“She would have laughed and said, “Pardon me for what? I didn’t do anything wrong,” said Sharon Oliver.
A pardon removes the offense from the record as though it never happened, but each succeeding generation of Canadians should be aware of the struggle that Ms. Desmond engaged in. It is further problematic that, once again, the Canadian government is not listening to the wishes of Blacks and is instead rushing forward in a mistaken attempt to prove how much things have changed. It is not up to the oppressor to decide how to make amends, the aggrieved party should have the right set the terms for reconciliation. The fact that government proceeded with this action against the express wishes of the family does not signal change, but a determined effort to silence Blacks.
Even the fact that Ms. Desmond is most commonly referred to as Canada’s Rosa Parks is highly offensive. Ms. Desmond fought her battle before the world had even heard of Rosa Parks and she is a person in her own right. The continual referral to Parks erases Desmonds identity and makes her a secondary figure. If we truly wish to honour Viola’s struggle, we should own her legacy completely, without trying to make it appear as though the Civil Rights struggle was strictly an American phenomenon.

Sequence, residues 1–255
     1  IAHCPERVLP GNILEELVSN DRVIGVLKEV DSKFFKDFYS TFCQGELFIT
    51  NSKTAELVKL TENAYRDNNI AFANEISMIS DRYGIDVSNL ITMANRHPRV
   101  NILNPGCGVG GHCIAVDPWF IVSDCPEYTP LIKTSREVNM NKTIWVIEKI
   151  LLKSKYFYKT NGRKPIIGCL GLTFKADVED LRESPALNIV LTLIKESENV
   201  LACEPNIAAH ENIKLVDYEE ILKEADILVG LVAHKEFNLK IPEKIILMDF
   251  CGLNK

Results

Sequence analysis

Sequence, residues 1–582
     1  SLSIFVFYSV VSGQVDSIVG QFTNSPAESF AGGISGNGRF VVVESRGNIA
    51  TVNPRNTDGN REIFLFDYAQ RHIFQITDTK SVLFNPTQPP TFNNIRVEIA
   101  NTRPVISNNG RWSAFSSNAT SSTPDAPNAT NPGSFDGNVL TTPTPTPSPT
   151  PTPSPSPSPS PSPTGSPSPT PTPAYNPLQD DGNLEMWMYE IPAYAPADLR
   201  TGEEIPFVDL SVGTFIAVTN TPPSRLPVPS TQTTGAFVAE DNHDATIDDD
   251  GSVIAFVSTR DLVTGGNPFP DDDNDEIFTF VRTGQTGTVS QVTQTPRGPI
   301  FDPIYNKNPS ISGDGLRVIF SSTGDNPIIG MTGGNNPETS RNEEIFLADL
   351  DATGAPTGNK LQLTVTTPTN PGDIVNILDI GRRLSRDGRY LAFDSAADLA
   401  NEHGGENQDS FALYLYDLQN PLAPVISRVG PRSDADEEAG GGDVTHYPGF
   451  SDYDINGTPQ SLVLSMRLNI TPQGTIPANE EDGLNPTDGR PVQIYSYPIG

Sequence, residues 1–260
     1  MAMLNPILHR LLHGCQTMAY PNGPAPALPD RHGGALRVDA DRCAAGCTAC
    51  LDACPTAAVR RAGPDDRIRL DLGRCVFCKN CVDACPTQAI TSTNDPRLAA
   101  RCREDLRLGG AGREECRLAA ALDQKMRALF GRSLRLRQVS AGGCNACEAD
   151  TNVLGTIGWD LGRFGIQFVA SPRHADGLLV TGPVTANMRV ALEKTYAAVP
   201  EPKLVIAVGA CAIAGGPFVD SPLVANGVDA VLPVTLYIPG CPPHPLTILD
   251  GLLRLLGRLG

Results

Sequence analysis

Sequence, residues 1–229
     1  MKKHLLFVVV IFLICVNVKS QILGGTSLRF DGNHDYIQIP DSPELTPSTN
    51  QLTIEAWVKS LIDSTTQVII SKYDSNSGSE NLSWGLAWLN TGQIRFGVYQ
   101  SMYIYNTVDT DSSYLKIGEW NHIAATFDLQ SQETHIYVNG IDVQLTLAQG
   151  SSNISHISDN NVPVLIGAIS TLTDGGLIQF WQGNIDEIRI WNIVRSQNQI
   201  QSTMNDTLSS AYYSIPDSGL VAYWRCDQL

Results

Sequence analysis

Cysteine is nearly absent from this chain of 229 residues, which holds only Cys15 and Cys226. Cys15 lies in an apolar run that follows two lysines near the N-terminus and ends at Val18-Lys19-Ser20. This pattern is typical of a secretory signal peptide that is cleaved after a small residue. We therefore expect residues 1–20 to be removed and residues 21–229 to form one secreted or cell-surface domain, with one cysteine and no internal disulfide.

Canadians have always been resistant to acknowledging that though we are a multi-racial society, racism is a part of our culture. From Africville to Viola Desmond, Blacks have had to fight to be acknowledged as citizens and as people worthy of basic human rights. If we truly want to honour Ms. Desmond, we should listen to the opinion of her surviving family members and not run roughshod over their concerns.
If nothing else Viola taught us that, “If you allow people to dictate what you can and can’t do, then you will never reach your dreams.” The government may choose to memorialize Ms. Desmond by erasing her spurious conviction, but Black Canadians can use this as a lightening rod to help sustain the continuing struggle for equal rights.